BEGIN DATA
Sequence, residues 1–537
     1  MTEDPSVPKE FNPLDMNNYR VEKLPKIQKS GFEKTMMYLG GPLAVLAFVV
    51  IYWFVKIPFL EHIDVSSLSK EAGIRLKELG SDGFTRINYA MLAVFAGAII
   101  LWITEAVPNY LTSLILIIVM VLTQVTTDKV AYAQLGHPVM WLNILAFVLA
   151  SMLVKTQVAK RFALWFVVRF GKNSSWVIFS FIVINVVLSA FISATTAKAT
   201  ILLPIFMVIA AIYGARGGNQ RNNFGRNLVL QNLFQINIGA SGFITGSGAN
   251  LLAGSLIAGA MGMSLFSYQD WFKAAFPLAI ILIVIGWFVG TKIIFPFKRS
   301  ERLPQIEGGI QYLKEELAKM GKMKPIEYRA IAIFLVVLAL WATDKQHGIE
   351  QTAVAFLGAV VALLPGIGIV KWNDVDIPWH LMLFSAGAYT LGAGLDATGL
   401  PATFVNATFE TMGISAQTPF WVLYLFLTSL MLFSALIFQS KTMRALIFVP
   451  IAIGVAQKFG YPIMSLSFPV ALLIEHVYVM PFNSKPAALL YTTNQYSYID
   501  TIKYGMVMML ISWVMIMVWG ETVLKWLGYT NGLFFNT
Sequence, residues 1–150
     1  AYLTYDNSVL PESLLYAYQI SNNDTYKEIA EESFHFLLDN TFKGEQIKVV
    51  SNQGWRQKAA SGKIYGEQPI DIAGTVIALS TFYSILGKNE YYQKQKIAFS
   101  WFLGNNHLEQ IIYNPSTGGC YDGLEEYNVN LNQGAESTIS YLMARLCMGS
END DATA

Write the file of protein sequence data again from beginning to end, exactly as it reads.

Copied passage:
Sequence, residues 1–537
     1  MTEDPSVPKE FNPLDMNNYR VEKLPKIQKS GFEKTMMYLG GPLAVLAFVV
    51  IYWFVKIPFL EHIDVSSLSK EAGIRLKELG SDGFTRINYA MLAVFAGAII
   101  LWITEAVPNY LTSLILIIVM VLTQVTTDKV AYAQLGHPVM WLNILAFVLA
   151  SMLVKTQVAK RFALWFVVRF GKNSSWVIFS FIVINVVLSA FISATTAKAT
   201  ILLPIFMVIA AIYGARGGNQ RNNFGRNLVL QNLFQINIGA SGFITGSGAN
   251  LLAGSLIAGA MGMSLFSYQD WFKAAFPLAI ILIVIGWFVG TKIIFPFKRS
   301  ERLPQIEGGI QYLKEELAKM GKMKPIEYRA IAIFLVVLAL WATDKQHGIE
   351  QTAVAFLGAV VALLPGIGIV KWNDVDIPWH LMLFSAGAYT LGAGLDATGL
   401  PATFVNATFE TMGISAQTPF WVLYLFLTSL MLFSALIFQS KTMRALIFVP
   451  IAIGVAQKFG YPIMSLSFPV ALLIEHVYVM PFNSKPAALL YTTNQYSYID
   501  TIKYGMVMML ISWVMIMVWG ETVLKWLGYT NGLFFNT
Sequence, residues 1–150
     1  AYLTYDNSVL PESLLYAYQI SNNDTYKEIA EESFHFLLDN TFKGEQIKVV
    51  SNQGWRQKAA SGKIYGEQPI DIAGTVIALS TFYSILGKNE YYQKQKIAFS
   101  WFLGNNHLEQ IIYNPSTGGC YDGLEEYNVN LNQGAESTIS YLMARLCMGS